Update: In case you’re wondering where Chelyabinsk is.
Update: The Guardian reports more than 950 injuries.
To put all this in some perspective, the asteroid that will buzz us today is about the same size as the object that struck Tunguska in 1908 — about 220 million pounds, more or less. The afterglow from that strike was visible across Europe. The asteroid that actually struck in Chelyabinsk today was probably only about 10 tons. A speck, by space standards. But it struck at about 33,000 miles per hour. Most of it burned up in the atmosphere, and the friction and pressure in the atmosphere caused it to explode during its descent. Most of it never reached the ground.
If the near-miss asteroid was on a slightly different trajectory and entered the earth’s atmosphere, most of it would burn up too, but it could still wipe out a city.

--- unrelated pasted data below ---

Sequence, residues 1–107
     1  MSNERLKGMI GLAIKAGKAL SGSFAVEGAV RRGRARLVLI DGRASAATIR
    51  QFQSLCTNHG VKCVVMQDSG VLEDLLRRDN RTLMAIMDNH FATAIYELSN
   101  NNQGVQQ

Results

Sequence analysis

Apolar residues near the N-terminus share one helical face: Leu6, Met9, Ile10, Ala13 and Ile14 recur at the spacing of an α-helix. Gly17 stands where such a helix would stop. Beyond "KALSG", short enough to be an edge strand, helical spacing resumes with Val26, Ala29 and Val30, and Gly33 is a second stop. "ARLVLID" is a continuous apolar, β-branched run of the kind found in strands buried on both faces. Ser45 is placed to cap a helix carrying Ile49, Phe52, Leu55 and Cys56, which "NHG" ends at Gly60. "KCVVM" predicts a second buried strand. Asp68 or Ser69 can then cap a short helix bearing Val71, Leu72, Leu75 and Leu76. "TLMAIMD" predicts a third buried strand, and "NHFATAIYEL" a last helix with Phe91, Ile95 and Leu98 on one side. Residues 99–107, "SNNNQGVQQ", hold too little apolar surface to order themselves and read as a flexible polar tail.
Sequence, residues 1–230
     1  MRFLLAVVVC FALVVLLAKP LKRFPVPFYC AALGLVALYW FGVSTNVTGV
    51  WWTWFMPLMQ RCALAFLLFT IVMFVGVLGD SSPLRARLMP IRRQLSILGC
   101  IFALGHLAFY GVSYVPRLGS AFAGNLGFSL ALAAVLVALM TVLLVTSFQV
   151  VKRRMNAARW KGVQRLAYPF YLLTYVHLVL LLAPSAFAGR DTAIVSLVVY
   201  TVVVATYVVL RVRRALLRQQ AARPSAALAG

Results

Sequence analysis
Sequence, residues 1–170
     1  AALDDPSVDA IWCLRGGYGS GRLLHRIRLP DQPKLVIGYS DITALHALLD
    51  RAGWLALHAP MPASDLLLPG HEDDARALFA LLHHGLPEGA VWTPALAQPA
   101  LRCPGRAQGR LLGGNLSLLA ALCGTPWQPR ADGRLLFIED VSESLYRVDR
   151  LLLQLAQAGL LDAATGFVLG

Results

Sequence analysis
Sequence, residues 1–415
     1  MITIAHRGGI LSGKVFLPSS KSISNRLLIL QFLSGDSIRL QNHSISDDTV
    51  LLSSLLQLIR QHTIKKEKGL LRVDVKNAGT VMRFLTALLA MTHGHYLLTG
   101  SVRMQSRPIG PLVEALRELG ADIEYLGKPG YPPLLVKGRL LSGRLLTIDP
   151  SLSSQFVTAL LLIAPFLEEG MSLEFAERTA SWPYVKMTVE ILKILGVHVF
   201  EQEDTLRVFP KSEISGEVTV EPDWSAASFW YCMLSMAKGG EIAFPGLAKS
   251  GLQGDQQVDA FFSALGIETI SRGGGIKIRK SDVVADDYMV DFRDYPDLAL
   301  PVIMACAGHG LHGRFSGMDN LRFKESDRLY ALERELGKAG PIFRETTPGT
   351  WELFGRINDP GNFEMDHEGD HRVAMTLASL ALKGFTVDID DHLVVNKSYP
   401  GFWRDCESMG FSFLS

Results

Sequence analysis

Update: So, how close will Asteroid 2012 DA14 actually get to earth today? Astronomers say it will pass within about 17,000 miles of us. Our GPS satellites orbit at about 12,000 miles. Most geostationery satellites orbit at about 22,000 miles up. So 2012 DA14 will pass within the orbits of those man-made satellites, and well within the Moon’s orbit. So, in space terms, way too close. But not close enough to do any damage.
Update: I just found this video of the Russia impact on YouTube. You can hear the explosion and even glass shattering.
Update: I bet these folks are fielding a lot of calls today.
Obama announces he won’t build a Death Star, and an asteroid hits the Earth? Even aliens don’t respect his foreign policy.
— Brodigan (@brodigan) February 15, 2013
Also read: Russian Army Finds Space Rock Impact Sites